Wednesday, January 01, 2014
Back to the Garden
I bought a copy of the LP of this recording by the Stanley Buetens Lute Ensemble back in the 1970s and listened to it many times, but after CDs came along it was consigned to a box and I probably hadn't heard it for thirty years until recently, when I pulled it out and found that I still enjoyed it as much as I did back then. Many of the old Nonesuch LPs from that era have been out of print for years, but I was delighted to learn that just a year or so ago Raymond Buetens, Stanley's son, obtained a license for it and released it on CD and as a download.
This was the ensemble's only record, although Stanley Buetens, who died in 2009, appears on other recordings (including some by P.D.Q. Bach) and wrote several well-regarded instructional books on playing the lute. Most of the other musicians heard here were apparently not particularly well-known, and some may have been amateurs; the viol player, Lawrence Selman, was a chemistry professor who founded a business devoted to paperweights, on which he was an expert. Professional or not, they were accomplished players (and singers — Buetens himself sings tenor on several pieces) and this remains a very enjoyable set of music, one that spans the sacred and the secular and encompasses a wide range of styles.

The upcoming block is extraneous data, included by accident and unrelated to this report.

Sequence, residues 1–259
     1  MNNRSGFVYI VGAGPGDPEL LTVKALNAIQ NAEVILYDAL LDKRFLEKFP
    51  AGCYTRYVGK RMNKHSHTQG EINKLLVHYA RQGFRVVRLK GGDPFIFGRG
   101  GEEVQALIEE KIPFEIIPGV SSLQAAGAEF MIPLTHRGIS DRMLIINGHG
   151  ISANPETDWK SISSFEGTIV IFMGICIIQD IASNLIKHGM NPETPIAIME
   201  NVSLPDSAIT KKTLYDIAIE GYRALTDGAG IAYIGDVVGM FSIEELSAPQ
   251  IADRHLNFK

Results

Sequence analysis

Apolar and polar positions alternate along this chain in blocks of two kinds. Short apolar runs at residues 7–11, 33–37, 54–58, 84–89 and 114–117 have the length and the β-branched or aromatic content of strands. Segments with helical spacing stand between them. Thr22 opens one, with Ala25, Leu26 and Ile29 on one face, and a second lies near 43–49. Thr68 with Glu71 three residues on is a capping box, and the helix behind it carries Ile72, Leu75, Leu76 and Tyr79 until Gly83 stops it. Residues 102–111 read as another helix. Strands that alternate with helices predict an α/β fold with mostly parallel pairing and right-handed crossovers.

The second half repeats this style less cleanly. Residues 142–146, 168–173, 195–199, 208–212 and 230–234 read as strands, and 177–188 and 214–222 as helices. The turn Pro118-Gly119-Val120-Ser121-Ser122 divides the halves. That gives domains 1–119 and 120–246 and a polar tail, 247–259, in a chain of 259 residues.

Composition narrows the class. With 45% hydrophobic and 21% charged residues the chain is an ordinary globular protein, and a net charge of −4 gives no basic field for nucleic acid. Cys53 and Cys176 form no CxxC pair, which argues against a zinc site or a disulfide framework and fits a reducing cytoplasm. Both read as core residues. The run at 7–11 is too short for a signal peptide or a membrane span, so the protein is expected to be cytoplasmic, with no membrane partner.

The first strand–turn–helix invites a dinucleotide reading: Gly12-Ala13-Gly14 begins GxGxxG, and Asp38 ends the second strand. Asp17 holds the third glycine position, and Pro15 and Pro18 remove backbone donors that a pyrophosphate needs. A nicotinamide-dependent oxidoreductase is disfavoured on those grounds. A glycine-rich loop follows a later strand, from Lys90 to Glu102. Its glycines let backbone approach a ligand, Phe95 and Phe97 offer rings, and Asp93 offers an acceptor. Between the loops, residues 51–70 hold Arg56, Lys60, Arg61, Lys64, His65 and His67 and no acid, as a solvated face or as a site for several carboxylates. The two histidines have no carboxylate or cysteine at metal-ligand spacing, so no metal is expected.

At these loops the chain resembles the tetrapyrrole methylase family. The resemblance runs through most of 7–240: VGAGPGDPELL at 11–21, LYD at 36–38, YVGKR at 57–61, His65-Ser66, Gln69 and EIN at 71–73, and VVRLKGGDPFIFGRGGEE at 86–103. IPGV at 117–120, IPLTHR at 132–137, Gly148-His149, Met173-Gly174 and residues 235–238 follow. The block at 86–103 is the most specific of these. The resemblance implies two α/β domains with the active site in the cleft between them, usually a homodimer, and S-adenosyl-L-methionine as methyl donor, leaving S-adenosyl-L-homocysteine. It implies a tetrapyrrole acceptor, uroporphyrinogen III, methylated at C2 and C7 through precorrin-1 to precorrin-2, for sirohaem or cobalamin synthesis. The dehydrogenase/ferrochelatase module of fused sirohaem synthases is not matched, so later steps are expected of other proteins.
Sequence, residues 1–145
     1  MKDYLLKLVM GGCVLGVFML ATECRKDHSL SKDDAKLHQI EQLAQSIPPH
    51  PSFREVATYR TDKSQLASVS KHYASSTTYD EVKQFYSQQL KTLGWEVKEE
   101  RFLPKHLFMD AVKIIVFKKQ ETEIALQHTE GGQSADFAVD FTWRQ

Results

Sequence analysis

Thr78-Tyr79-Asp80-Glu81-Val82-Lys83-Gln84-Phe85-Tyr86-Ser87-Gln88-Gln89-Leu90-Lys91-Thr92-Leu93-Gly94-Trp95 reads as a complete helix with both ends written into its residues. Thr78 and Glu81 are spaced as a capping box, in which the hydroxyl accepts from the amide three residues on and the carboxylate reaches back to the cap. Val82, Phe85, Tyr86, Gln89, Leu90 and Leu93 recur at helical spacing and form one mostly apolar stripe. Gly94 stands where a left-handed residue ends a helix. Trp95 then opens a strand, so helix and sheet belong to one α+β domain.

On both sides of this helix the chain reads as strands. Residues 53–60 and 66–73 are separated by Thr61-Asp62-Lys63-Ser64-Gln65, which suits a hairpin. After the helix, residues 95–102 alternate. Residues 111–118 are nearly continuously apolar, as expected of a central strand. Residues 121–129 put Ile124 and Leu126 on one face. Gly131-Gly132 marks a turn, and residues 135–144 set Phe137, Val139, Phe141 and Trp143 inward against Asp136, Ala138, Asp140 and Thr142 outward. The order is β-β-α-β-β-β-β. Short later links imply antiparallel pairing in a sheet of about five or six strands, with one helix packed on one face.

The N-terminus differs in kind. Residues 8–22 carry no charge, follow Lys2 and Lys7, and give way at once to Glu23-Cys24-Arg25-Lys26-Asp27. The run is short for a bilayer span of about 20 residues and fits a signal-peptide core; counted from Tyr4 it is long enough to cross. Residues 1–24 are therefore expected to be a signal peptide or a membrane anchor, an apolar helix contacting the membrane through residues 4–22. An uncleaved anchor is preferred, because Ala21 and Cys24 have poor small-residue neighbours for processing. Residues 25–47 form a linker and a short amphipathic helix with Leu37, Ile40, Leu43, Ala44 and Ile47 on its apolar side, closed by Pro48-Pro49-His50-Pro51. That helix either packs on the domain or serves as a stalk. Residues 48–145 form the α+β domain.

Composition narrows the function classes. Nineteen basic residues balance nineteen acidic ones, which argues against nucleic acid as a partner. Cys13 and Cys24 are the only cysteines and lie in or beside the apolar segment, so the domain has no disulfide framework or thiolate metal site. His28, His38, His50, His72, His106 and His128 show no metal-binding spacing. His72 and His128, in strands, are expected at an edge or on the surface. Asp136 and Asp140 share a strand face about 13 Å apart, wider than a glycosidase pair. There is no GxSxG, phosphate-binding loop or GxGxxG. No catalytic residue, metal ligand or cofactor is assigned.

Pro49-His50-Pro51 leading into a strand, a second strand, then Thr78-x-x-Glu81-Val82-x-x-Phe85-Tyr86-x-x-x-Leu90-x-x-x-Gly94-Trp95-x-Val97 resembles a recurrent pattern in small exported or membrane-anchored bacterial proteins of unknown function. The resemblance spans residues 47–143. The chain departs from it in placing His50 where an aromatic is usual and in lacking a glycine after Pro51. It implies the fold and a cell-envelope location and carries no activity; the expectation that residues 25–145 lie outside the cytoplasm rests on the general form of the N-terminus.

Of one cut, the 15th-century Spanish "Dale si le das," the original liner notes state, "the lyrics are rather indecent and practically unusable on records today." The ensemble performed it as an instrumental, at a fairly slow tempo, and it comes across as a fairly dignified march with one odd feature — a curiously long line played just by the recorder. A more recent performance (below) by the Capella Virelai, however, gives it a brisker reading, and includes the full lyrics, which are, in fact, strikingly bawdy, though thankfully no longer "unusable." In each verse, a rhyme with the end of the previous line makes one anticipate a fairly crude obscenity, which is then safely transformed, as one singer is interrupted by another, into a perfectly innocent ending. It's a 15th-century precursor of "Mary Had a Steamboat" — but much bluer.
In A Medieval Garden can be obtained through Bandcamp.